This post looks at digital skills and what we are seeing in our markets.  It is mostly UK/USA and Australasia centric reflecting the research materials which we have ready access to.  However at a more anecdotal level we think the broad thrust holds true for most of the "developed markets" that we deal in. Do let us know however if you have more to add or think we have got this wrong.

The UK has always been in a 'bit of a lather' round digital and how well equipped the country and business is to prosper in the digital era. You can find lots of articles there on the "digital divide" or the "digital skills gap".  The latest people to bang this drum are "Go-on",  a charity with the mission of developing digital skills within the UK.    Their research is public (their site is at: and they have some interesting messages.  According to them, over 12 million people and 1 million business in the UK don't have a sufficient level of digital skills to readily engage with digital information technology. That’s a lot.  Especially for an economy that has a lot of IT and knowledge-management jobs.

Our systems support many IT/digital businesses. We both consult and we also get out and about supporting our partners across their clients and I think we have a good appreciation for the issues facing recruiters looking for candidates with IT or digital skills.  Our findings?  Well, with digital an increasing part of everyday life you really would think it would be getting easier - but its not. Good digital skills including the ability to effectively use IT systems and to readily understand and analyse information in digital form seems to be lacking with all too many candidates.  Messages like this, from Go-on, show that despite a widespread perception that digital information technology is becoming all pervasive, many people are struggling.  All too many simply - and this includes the new Millennial generation - don't have the level of skills in this area that businesses are increasingly looking for.

Are you a bit surprised by this?  Did you think the younger generations had this in the bag?  Maybe it's just a UK problem? Well research with students in Australia, found there has been a material decline in IT literacy since 2011.  When they then looked at children, and particularly their skills with tablets and smartphones, they found these were different to the basic technology skills required in the workplace. Their resulting message was to warn against assuming that children/students who use tablets and other portable devices were more widely competent with information technology.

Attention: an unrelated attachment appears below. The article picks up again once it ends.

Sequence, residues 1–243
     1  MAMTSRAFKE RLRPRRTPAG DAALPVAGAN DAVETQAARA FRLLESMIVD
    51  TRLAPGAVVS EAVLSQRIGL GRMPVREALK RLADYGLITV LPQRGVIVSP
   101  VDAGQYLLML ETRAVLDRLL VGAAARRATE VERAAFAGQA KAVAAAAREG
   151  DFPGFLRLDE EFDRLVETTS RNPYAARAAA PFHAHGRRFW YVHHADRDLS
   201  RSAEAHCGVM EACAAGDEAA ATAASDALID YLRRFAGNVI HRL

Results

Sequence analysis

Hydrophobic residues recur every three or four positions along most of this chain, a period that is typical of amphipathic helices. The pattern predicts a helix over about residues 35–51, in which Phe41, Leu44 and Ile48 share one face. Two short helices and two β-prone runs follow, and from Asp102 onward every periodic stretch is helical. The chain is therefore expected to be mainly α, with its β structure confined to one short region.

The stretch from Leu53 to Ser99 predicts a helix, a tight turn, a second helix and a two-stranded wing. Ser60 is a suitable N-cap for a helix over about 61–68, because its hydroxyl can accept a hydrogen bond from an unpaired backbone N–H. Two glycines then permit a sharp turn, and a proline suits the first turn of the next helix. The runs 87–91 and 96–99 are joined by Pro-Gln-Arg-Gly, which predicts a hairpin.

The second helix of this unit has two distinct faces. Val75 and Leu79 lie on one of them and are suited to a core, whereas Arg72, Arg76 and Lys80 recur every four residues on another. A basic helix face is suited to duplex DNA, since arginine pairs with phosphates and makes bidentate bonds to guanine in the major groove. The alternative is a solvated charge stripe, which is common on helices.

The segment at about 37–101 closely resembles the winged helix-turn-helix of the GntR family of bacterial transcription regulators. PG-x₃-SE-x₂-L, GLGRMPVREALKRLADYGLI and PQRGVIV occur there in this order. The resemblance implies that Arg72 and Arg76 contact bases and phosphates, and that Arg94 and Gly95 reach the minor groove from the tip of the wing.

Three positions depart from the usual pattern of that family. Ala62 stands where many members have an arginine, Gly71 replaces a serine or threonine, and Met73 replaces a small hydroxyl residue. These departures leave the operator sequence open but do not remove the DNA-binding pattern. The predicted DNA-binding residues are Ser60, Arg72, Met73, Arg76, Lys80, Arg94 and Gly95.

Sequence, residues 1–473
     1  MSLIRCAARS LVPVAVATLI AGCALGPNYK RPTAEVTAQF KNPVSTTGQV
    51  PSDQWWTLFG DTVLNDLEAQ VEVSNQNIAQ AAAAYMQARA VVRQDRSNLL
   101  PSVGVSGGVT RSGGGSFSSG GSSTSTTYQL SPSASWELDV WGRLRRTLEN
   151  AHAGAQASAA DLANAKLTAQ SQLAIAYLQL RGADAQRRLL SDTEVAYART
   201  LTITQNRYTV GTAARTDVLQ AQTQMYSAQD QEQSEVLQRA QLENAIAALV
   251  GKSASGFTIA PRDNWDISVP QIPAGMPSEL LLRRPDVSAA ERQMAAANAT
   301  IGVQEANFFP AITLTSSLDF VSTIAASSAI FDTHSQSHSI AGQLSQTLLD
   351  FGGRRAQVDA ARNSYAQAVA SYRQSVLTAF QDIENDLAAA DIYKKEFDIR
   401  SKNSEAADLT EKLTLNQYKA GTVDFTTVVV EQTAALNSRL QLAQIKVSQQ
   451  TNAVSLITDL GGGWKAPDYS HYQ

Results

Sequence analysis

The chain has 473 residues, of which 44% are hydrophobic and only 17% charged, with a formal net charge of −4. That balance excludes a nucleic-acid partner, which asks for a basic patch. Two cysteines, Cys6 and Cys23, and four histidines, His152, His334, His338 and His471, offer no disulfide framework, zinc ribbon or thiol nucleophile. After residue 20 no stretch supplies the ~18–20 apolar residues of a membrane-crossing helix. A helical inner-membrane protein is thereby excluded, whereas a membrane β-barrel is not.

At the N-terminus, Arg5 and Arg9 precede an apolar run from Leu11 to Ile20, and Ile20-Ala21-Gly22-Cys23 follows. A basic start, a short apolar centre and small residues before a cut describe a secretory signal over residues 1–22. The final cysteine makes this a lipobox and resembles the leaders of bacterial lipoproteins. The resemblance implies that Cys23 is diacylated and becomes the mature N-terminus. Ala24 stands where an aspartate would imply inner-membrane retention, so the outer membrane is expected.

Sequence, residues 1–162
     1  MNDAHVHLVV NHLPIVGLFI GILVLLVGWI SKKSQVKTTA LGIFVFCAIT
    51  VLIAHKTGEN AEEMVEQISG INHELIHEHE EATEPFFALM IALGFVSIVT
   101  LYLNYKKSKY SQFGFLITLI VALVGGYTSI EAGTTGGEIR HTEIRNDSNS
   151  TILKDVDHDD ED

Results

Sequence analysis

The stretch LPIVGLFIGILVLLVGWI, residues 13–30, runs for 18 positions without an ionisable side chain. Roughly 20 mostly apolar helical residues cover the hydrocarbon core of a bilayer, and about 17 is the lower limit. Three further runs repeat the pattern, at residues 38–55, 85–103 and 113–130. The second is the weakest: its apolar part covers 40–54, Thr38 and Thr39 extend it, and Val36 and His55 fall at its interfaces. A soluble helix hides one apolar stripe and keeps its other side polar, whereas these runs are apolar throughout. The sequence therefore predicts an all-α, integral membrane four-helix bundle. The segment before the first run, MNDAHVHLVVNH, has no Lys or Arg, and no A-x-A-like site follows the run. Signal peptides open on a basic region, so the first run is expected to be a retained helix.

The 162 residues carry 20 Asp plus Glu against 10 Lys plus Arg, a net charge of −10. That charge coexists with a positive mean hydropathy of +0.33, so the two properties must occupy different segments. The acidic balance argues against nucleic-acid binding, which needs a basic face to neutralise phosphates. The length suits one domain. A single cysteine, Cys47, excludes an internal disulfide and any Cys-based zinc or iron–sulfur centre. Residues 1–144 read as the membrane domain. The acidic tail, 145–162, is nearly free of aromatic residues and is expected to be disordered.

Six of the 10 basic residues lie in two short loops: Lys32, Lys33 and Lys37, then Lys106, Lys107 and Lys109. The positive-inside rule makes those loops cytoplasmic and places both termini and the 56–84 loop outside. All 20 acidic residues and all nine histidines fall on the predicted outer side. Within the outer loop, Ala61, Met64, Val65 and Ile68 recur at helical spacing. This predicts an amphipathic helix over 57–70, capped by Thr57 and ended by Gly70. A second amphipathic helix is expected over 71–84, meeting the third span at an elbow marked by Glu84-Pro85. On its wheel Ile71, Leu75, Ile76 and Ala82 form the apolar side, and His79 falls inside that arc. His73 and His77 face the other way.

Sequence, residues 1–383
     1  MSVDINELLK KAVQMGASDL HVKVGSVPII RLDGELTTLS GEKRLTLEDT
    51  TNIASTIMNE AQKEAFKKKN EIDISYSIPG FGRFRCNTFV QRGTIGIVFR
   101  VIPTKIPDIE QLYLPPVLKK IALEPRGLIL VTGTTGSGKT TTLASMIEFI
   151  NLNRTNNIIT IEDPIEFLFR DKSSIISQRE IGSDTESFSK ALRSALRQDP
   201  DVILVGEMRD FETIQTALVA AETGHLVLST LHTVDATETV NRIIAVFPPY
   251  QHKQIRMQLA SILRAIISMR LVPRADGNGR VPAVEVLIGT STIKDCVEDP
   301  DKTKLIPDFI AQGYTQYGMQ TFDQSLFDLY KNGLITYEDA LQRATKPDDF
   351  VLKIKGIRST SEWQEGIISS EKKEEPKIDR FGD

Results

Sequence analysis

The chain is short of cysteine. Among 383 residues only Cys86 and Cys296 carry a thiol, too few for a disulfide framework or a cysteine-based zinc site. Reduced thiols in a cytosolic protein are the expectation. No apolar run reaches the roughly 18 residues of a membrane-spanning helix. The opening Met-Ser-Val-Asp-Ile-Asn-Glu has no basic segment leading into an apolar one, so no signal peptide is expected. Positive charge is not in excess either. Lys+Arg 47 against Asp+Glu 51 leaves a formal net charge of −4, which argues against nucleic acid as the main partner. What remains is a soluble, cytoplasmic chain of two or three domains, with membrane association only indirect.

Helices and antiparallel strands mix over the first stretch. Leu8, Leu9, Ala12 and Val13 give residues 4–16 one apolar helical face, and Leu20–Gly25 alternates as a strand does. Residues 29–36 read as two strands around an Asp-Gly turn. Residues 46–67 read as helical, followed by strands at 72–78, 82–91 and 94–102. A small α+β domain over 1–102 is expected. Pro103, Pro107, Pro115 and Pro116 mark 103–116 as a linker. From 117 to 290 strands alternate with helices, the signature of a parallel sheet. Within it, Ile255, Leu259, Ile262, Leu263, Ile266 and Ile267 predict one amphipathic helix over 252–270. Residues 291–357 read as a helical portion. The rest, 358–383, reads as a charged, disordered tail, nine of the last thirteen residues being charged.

We know this sounds a bit counter-intuitive.  It runs against much of the press comments round the younger generations and especially the Millennials; that they are digital savvy and understand IT and digital information.    So lets assume you need a bit more convincing.  In 2013 the AMA (American Management Association) found when they measured analytical skills that Millennials scored - on average - significantly less than both Generation X (ages 30-50)  and Baby Boomers (ages 50-70).  Generation X scored highest - followed by Baby Boomers and finally Millennials at the bottom.  Their conclusion:  “despite their familiarity with technology, Millennials aren’t seen as having equal analytics savvy,”

More recently, PWC sponsored research found that three-quarters of CEOs interviewed (some 1,300 across many developed countries);  ranked skills shortages as the biggest threat to their business.  That is 10% up on 2014 - so its getting worse with the new generation, not better.  Digital Skills play a big part in this, as expressed in their commentary: "The digital age has transformed the skills shortage from a nagging worry for CEOs into something far more challenging".

Its not just Millennials however.  Looking at the workforce in general, it appears the world of work is increasingly divided between jobs that require digital skills and those that don’t. And the numbers of those that don't is declining each year...

A report by Burning Glass earlier this year (USA) found that middle-skill jobs that require digital skills (basically jobs that need more than just a high school education but not necessarily a degree) are outpacing those that do not:

  • Nearly eight in 10 middle-skill jobs now require digital skills. Spreadsheet and word processing proficiencies have become a baseline requirement for the majority of middle-skill opportunities (78%).
  • Digitally intensive middle-skill occupations are growing faster than other middle-skill jobs. Digitally intensive jobs have grown 2.5 times more rapidly than middle-skill jobs that do not require spreadsheets, word processing, or other digital skills.
  • Digitally intensive middle-skill jobs pay more than middle-skill jobs that do not require a digital component.

They have nice infographic - see enc:

So what does this mean for employers?

  • We think it means that employers will increasingly need to think about training their workforce in digital skills.  Assuming the younger generations that you recruit - will just have them - will likely lead to disappointment.
  • Employers should plan for greater number of roles within their organisations to require more digital skills.
  • The ability of your workforce to readily understand and use digital information will become an area of increasing competitive differentiation.
  • In recruitment terms, candidates with good digital experience and readily adaptable digital skills will be subject to more competitive pressure i.e. harder to come by.  Developing a well thought out and crafted employer proposition that will appeal to such candidates will have stronger and stronger business case...